As the Bond Street Laine mini-saga its end-game, some threads might unravel tidily when the Magistrates Court decide (or otherwise) on the true name of this street.

Some facts are certain, though the chronology might be time-warped. It was legally named by East Sussex Highways & Transport Committee at their meeting on 17th August 1981. Some officer affixed street nameplates denoting the names “Bond Street Laine” and “Bond Street Lane” on at least two dates, if not three, since it is assumed the first nameplate used was the correct name “Bond Street Laine.” Of course, the presence of an actual street nameplate does not prove anything much.

Some officer duly notified the name “Bond Street Laine” to other relevant authorities such as Royal Mail, the Land Register, Ordnance Survey and in particular, the National Land and Property Gazetteer (NLPG) , the definitive address hub to which all local authorities sign up to. During the course of time, of course, Brighton was merged into Brighton & Hove Unitary Authority (1997) and then became a City in 2000.

In all that kerfuffle somewhere along the road, the “i” got dropped by the national Ordnance Survey map when it got digitised. And, as Judge Drop said to the hangman, “we are where we are.”

The Brighton Society seem to have first got involved when an incorrect “Bond Street Lane” nameplate was removed and replaced with the correct nameplate Bond Street Laine. And the local street nameplate officer compounded the confusion by writing a letter to the properties (after the notification of the proposed name changed was posted on the drain pipe) which seems to have transposed the two street names when detailing the history of the erroneous nameplate.

The letter seemed also to deliberately and partially try to skew the history of the name: it then states “ If a strong argument is put forward to retain the existing spelling of the street name, we will of course take this into consideration before making our final decision.” This letter was addressed “ The Owner/Occupiers, Bond Street Laine.” The onus of proof thus seems to have been forced on the residents to justify keeping their streetname, whereas it is arguable that the onus should be on the Brighton Society to show the alleged error is of sufficient importance to change the name.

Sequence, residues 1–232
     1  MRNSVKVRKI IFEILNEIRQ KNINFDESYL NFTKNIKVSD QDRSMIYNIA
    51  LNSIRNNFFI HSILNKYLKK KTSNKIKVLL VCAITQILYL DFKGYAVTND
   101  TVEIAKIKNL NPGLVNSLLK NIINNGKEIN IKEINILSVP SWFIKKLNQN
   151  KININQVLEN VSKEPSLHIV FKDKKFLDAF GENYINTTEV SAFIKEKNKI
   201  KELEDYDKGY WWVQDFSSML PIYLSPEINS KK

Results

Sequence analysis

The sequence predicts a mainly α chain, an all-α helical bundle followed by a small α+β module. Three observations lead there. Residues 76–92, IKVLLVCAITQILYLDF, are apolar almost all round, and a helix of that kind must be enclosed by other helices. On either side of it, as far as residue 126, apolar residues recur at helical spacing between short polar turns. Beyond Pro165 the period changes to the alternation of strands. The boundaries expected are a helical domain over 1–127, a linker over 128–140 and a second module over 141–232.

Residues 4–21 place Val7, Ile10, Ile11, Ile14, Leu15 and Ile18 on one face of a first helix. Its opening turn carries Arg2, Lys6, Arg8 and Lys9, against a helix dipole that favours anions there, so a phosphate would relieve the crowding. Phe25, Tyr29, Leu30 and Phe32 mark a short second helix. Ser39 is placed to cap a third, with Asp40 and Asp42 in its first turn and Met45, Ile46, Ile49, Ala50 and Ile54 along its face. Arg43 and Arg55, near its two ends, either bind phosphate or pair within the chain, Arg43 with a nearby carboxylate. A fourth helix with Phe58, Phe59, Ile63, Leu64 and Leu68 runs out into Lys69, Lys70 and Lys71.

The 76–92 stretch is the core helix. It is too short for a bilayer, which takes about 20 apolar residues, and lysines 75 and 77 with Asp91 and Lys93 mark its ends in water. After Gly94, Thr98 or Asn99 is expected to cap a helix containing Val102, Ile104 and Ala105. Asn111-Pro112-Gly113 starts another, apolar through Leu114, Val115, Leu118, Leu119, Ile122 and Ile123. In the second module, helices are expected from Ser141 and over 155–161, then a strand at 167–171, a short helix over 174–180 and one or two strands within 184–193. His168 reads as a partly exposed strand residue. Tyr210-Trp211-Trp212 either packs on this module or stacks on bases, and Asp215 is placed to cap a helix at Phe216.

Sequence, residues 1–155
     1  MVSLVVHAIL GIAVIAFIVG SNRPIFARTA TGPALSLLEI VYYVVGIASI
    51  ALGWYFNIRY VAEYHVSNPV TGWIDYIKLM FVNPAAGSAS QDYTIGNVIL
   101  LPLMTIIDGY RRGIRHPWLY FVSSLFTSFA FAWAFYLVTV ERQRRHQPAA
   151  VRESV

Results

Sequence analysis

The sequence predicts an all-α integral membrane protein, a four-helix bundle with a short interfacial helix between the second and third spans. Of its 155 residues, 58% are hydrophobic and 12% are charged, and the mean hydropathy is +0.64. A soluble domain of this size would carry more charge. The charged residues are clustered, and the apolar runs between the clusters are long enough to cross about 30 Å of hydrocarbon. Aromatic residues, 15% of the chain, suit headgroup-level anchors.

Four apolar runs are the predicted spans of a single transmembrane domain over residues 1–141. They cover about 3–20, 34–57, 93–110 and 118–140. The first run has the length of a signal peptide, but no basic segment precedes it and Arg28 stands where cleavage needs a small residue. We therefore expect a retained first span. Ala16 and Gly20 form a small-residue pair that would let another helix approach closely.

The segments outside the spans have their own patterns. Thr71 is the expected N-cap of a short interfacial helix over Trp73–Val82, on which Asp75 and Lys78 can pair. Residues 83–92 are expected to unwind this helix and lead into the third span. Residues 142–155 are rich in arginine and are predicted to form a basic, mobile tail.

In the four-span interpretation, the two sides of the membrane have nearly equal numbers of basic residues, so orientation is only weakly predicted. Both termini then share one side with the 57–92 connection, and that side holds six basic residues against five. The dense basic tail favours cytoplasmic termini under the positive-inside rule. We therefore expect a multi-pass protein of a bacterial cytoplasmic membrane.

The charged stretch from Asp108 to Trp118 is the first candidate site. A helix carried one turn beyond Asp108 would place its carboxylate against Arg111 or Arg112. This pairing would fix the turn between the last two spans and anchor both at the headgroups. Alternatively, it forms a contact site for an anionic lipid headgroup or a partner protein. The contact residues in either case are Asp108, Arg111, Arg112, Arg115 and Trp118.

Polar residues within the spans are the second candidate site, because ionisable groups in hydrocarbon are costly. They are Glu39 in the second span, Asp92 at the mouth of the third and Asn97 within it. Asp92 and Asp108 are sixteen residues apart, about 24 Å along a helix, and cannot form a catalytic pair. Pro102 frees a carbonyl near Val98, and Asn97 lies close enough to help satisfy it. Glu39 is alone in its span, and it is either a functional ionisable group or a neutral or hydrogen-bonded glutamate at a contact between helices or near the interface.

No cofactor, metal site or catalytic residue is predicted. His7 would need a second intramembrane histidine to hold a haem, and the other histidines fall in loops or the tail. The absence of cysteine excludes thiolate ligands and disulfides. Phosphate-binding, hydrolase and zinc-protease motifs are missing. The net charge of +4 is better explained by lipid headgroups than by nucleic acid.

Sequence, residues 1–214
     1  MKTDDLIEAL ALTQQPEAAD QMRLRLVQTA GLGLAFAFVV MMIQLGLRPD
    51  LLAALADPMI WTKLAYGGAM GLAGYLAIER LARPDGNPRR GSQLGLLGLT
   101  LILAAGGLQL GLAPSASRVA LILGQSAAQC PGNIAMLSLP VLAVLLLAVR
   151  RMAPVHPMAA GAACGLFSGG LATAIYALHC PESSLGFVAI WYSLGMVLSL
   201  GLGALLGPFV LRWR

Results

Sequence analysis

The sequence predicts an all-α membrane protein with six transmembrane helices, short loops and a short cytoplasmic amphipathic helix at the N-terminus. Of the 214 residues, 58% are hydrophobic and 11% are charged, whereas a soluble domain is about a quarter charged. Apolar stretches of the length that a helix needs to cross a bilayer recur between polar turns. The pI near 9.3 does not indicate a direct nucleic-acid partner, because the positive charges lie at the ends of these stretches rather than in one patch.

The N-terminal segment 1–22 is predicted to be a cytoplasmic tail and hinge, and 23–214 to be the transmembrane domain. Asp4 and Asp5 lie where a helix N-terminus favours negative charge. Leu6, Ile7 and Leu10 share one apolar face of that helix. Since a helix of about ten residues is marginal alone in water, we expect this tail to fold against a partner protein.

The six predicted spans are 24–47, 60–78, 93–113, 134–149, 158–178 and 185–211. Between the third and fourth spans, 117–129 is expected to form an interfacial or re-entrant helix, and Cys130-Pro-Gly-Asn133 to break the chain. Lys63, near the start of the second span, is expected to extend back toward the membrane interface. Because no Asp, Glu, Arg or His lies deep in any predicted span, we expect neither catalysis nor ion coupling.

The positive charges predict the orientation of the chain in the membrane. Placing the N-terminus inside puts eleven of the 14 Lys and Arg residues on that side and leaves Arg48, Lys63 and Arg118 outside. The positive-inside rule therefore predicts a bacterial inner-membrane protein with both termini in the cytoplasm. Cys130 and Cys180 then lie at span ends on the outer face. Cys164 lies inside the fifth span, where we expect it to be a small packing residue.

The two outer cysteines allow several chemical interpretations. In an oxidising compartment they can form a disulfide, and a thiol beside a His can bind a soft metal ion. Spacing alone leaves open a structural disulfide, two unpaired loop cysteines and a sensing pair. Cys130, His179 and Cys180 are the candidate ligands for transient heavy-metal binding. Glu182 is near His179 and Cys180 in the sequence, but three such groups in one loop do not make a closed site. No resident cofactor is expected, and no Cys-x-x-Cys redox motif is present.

A desk-top survey of local authority street naming policies that address the issue of changing the name of a street all emphasise that it should only done if there have been problems caused to the emergency services by the use of the existing street name. Local history is relevant of course but at the pre-naming stage not after the street has already been named. Many mirror the provisons of the Section 21: Public Health Acts Amendment Act 1907 under which a high percentage of the actual residents in the street are asked about the proposal before even notices are posted on drain-pipes. B&H does not use that law to change a street name.

Of course, it could be argued that the onus was shifted to the residents when “after due consideration” the request by the Brighton Society was accepted and a review was undertaken. The details of that “due consideration” are not clear: what is clear is that no public meeting by any Cabinet member took place before the council decided to propose the name-change and force residents to go to court to justify keeping their own street name.

It is not clear how the re-naming process is done. The final decision is with the Council, it seems, though objections are sent in the first instance to the Magistrates Court.

It is ironic that a Council which prides itself in democratic localism , now (it seems) wants to pass the buck to the unelected Magistrates Court to decide a street name, a street in which real live people are born, live, work and die. Such a re-writing of local history is unworthy of any local history society. It is precisely the uniqueness of the term “laine“ that will be preserved by Bond Street Laine street name and nameplate if the Magistrates decide to keep it as it is.

And it is precisely because it is unique that it should keep its name rather than lose it on the grounds of alleged historical impropriety.

Readers who submit articles must agree to our terms of use. The content is the sole responsibility of the contributor and is unmoderated. But we will react if anything that breaks the rules comes to our attention. If you wish to complain about this article, contact us here